Unlike outgoing Amazon CEO Jeff Bezos and Tesla CEO Elon Musk, Bill Gates isn’t that interested in getting humans to space.

“Well, it’s important to say that what Elon did with Tesla is one of the greatest contributions to climate change anyone’s ever made. And you know, underestimating Elon is not a good idea,” Gates told Kara Swisher on her “Sway” podcast. But, he added that he’s “not a Mars person” and that he doesn’t “think rockets are the solution.”

The Microsoft co-founder, who is currently worth more than $130 billion according to the Bloomberg Billionaires Index, has a new book out, “How to Avoid a Climate Disaster,” and in the interview he said we need to be focused some of the larger climate change problems here on earth.

He said that companies like Tesla are doing great work on “easy stuff, like passenger cars” but that we need to tackle other industries to make a bigger climate change difference.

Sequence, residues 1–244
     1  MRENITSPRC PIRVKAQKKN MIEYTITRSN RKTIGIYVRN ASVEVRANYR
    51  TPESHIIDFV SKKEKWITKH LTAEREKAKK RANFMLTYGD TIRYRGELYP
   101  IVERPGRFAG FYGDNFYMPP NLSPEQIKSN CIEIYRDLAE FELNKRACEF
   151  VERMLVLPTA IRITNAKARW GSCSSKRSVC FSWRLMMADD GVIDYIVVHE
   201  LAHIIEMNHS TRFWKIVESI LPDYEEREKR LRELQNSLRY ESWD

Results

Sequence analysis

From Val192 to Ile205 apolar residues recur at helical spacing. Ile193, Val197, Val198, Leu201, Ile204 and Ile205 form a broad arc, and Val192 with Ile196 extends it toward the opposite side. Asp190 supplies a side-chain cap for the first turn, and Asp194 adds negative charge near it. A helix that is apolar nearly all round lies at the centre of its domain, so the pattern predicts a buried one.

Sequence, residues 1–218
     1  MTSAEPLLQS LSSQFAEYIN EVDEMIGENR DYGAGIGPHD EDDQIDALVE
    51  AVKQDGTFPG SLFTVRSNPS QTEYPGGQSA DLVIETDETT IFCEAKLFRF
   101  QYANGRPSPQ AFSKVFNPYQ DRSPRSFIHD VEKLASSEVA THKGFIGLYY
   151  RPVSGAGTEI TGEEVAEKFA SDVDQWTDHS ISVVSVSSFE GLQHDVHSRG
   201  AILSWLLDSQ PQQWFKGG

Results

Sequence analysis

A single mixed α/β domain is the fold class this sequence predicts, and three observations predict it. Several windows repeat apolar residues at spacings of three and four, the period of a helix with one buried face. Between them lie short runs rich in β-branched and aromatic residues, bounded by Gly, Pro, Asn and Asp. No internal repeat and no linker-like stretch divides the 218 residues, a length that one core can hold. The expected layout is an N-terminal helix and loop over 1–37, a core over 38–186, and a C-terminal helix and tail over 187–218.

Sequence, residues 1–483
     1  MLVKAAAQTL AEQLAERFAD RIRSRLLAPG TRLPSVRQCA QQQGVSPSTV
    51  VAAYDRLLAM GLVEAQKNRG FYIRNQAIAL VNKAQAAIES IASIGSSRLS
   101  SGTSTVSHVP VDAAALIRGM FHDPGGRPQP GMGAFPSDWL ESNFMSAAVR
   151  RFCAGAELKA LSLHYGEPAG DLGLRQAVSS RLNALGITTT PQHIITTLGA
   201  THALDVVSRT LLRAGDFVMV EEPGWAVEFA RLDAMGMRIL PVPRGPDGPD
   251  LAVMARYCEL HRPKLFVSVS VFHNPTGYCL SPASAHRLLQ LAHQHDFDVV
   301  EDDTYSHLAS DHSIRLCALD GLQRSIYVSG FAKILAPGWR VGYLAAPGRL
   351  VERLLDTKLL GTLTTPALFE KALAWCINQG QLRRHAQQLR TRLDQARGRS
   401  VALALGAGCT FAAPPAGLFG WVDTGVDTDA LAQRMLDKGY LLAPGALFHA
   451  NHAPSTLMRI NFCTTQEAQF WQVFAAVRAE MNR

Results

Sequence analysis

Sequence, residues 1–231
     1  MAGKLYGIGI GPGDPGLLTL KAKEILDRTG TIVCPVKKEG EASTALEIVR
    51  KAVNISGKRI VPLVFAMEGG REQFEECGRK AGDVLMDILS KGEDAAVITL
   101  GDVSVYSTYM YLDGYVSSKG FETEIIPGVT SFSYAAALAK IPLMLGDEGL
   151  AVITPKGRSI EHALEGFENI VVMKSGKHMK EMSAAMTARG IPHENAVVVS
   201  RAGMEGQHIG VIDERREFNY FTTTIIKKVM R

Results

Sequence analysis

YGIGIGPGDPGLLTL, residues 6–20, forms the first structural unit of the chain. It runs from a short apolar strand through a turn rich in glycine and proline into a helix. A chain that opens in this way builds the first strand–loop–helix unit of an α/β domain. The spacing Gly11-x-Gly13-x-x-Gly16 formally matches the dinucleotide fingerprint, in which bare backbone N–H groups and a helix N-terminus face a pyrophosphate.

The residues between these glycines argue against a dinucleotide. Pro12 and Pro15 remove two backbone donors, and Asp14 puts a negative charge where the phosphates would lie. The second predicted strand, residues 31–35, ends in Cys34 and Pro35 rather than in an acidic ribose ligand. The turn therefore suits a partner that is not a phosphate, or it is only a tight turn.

“We’re basically not doing enough on the hard stuff: steel, cement, meat,” he said. “And sadly, the things people think about — the electricity, passenger cars — are a third of the problem. So we have to work on the two-thirds. And if all you pay attention to is those short-term metrics, not the green premiums across the board, then you miss out on what is the longest lead time, which is the hard stuff.”

Gates said he’d rather spend money on measles vaccines than traveling to space in a rocket. “I’m not going to pay a lot of money because my foundation can buy measles vaccines and save a life for $1,000. So anything I do, I always think, OK, I could spend that $1,000 buying measles vaccine.”

READ  A fifth of TV time in OTT-enabled homes is spent watching streaming services, report says



Please enter your comment!
Please enter your name here